chmod 400 mmi.py nsrl251.txt
Third make the two files owned by the webserver user and group.
chown www-data:www-data mmi.py nsrl251.txt
Fourth make only the www folder capable of executing the Twisted Python script.
chmod 500 www
Sixth make the www folder owned by the webserver user and group.
chown www-data:www-data www
MatchMeta.Info Service
Upstart on Ubuntu will allow the Twisted Python script to be run as a service by creating the /etc/init/mmi.conf file.  Paste these commands into the newly created file.  Its critical to make sure you use exact absoulute paths in the mmi.py and mmi.conf files or the service will not start.
start on runlevel [2345]
stop on runlevel [016]

setuid www-data
setgid www-data

exec /usr/bin/python /opt/www/mmi.py
respawn
MatchMeta.Info Port Forwarding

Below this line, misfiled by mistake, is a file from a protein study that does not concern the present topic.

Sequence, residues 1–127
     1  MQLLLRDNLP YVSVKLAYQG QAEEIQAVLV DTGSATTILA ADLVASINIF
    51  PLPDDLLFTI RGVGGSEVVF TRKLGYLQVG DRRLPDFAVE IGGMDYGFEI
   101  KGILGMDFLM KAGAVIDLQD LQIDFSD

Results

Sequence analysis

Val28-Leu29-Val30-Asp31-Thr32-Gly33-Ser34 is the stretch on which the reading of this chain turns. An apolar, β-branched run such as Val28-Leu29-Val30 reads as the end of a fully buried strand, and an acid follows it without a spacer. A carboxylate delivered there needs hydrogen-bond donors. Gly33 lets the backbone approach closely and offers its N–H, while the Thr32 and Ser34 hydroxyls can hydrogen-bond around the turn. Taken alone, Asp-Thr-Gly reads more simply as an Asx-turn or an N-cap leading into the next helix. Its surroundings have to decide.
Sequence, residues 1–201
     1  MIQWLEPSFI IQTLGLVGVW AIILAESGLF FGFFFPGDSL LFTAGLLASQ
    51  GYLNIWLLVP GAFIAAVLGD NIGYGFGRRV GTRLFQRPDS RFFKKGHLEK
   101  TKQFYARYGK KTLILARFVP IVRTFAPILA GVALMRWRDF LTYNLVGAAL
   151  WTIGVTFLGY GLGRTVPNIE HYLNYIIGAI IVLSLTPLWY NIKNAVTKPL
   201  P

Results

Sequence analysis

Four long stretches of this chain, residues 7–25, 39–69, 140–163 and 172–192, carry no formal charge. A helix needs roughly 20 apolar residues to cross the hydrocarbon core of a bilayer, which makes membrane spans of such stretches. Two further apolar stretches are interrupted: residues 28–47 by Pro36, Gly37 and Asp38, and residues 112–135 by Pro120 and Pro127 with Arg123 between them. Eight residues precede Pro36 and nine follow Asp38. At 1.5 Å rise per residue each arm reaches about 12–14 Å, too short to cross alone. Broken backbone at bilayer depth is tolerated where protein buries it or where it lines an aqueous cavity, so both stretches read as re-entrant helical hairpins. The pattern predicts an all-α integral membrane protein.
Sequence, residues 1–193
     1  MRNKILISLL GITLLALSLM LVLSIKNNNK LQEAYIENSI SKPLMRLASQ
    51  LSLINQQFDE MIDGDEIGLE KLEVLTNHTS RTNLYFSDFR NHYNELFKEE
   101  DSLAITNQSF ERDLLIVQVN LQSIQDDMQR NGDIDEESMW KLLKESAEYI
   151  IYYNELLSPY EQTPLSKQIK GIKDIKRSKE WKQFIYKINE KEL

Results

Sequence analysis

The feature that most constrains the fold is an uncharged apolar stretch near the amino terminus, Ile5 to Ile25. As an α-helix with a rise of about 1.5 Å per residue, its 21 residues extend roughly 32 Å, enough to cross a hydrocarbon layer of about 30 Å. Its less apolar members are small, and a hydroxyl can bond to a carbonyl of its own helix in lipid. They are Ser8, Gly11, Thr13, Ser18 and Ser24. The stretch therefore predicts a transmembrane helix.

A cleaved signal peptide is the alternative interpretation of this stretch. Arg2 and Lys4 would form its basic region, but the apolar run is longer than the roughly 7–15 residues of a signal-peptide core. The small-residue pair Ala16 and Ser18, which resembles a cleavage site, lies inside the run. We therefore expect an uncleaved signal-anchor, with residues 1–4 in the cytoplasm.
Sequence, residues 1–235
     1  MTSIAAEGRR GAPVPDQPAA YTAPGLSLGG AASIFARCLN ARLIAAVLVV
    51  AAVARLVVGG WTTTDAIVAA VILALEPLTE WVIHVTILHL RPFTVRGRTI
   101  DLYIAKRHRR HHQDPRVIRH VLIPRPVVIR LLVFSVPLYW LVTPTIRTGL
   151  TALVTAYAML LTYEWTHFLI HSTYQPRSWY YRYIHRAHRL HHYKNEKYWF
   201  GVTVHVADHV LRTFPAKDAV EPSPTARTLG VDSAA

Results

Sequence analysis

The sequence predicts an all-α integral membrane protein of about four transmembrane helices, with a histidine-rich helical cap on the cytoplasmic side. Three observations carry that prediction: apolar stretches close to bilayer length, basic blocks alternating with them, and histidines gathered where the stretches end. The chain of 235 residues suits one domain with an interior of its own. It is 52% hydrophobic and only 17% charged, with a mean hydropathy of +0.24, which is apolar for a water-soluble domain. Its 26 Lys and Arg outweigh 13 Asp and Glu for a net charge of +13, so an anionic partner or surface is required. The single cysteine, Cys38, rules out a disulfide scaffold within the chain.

Port 80 is privileged and we don’t want to run the service as root so port forwarding can be used.  This will allow us to run the Python service as the www-data user by appending the following to the bottom of the /etc/ufw/before.rules file.
*nat
-F
:PREROUTING ACCEPT [0:0]
-A PREROUTING -p tcp –dport 80 -j REDIRECT –to-port 8080
COMMIT
Thanks to @awhitehatter  for the tip on their GitHub site.
Configure Firewall
Please setup the firewall rules to meet your environments requirements.  Ports 80 and 8080 are currently setup to be used for the MatchMeta.Info service.  Don’t forget SSH for system access.
ufw allow 80/tcp
ufw allow 8080/tcp
ufw allow ssh
ufw enable
MatchMeta.Info Validation
Finally, all set to start the MatchMeta.Info Service!!
start mmi
Browsing to these sites should return the word OK on the website.
Browsing to these sites should return the phrase NA on the website.